But there’s still more.  Consider Republican strategist and Cheney-admirer Phil Lusser’s “magic eyeballs” in a conversation with Lawrence O’Donnell and Norah O’Donnell.   Go to the end of this video and you’ll hear Lawrence O’Donnell clean Lusser’s clock.

It’s all falling apart like a house of cards.   After years and years of insanity, it’s finally happening.  Yes, sunshine is the best disinfectant.

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Category: Corruption, Good and Evil, law and order, Politics, War

About the Author ()

Erich Vieth is an attorney focusing on consumer law litigation and appellate practice. He is also a working musician and a writer, having founded Dangerous Intersection in 2006. Erich lives in the Shaw Neighborhood of St. Louis, Missouri, where he lives half-time with his two extraordinary daughters.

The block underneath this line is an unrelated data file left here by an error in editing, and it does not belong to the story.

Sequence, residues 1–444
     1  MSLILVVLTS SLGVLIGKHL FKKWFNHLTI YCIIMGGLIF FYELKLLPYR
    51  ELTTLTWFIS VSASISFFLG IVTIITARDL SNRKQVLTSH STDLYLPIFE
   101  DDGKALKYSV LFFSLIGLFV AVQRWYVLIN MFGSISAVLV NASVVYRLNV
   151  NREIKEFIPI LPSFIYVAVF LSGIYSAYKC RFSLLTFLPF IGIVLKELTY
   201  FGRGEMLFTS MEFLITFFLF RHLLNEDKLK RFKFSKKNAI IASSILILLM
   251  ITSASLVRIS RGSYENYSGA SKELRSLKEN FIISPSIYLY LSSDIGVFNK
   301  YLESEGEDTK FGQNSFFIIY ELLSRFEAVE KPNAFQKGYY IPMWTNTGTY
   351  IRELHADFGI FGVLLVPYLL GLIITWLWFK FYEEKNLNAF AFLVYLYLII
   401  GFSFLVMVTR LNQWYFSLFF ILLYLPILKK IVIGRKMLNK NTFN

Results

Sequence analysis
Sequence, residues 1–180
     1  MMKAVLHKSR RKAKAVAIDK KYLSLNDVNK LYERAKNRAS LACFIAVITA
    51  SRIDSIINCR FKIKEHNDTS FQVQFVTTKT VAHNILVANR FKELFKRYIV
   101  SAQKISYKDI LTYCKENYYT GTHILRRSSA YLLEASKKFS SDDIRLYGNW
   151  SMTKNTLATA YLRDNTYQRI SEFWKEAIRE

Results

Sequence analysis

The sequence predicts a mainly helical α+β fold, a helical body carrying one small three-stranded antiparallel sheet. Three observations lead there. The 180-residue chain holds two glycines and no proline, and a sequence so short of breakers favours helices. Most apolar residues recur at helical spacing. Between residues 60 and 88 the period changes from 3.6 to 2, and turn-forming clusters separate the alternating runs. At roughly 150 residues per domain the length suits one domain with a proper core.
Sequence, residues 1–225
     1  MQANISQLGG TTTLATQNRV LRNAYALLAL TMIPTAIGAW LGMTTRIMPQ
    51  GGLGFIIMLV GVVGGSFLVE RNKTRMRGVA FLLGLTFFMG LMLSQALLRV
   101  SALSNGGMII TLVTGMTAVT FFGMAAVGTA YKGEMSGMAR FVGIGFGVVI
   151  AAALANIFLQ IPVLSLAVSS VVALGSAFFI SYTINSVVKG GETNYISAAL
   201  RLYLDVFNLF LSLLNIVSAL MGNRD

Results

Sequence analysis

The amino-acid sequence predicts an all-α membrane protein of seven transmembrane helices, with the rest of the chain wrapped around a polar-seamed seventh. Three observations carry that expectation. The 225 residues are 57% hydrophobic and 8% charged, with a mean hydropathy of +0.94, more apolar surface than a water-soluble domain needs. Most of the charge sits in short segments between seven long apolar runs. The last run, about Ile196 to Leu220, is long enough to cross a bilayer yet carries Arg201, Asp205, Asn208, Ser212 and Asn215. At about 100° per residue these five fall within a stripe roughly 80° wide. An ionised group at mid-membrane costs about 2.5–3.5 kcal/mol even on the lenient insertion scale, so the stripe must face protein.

Comments (39)

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  1. Tony Coyle says:

    Erich: you said

    I would take it totally off the books and outlaw it in plain language.

    It's already part of a UN accord that all signatory nations have agreed to accept and uphold.

    The United States ratified the United Nations Convention Against Torture (CAT) in 1994. Article 12 of the CAT provides:

    “Each State Party shall ensure that its competent authorities proceed to a prompt and impartial investigation, wherever there is reasonable ground to believe that an act of torture has been committed in any territory under its jurisdiction.”

    IANAL, but I think that means that torture is already illegal in the US and it's territories.